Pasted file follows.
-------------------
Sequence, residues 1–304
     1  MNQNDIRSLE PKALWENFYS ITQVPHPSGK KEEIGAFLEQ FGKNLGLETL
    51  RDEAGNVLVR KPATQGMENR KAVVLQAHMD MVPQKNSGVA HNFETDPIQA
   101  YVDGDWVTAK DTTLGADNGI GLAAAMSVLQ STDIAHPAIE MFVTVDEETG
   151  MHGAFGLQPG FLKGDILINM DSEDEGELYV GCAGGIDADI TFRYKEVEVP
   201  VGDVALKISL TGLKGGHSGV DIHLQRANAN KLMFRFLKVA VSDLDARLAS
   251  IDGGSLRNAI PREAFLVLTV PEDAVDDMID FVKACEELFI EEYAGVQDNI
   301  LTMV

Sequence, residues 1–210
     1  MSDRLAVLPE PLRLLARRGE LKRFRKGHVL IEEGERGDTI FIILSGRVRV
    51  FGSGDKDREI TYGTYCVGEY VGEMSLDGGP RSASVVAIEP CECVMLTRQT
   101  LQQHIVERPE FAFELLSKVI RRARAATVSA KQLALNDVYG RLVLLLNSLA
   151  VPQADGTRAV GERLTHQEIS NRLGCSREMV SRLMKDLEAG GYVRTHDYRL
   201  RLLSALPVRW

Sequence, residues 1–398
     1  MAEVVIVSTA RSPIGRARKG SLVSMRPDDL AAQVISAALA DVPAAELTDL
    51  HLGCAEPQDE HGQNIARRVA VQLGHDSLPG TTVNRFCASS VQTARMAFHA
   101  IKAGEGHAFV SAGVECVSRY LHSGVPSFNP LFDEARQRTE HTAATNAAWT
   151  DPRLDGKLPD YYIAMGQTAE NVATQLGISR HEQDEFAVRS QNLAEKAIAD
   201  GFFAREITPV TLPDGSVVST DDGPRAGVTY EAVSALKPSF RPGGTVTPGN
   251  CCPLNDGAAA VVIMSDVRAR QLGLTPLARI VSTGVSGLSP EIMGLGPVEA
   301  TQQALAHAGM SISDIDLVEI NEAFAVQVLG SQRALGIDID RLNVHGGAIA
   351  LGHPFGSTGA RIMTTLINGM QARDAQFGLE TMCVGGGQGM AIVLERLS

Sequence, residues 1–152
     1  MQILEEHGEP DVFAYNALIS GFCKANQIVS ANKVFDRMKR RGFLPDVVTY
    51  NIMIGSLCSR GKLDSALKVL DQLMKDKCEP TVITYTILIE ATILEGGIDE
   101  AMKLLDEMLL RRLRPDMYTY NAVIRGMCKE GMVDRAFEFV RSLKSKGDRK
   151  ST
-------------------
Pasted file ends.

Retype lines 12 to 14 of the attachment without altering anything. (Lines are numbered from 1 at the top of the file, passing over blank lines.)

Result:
   101  LQQHIVERPE FAFELLSKVI RRARAATVSA KQLALNDVYG RLVLLLNSLA
   151  VPQADGTRAV GERLTHQEIS NRLGCSREMV SRLMKDLEAG GYVRTHDYRL
   201  RLLSALPVRW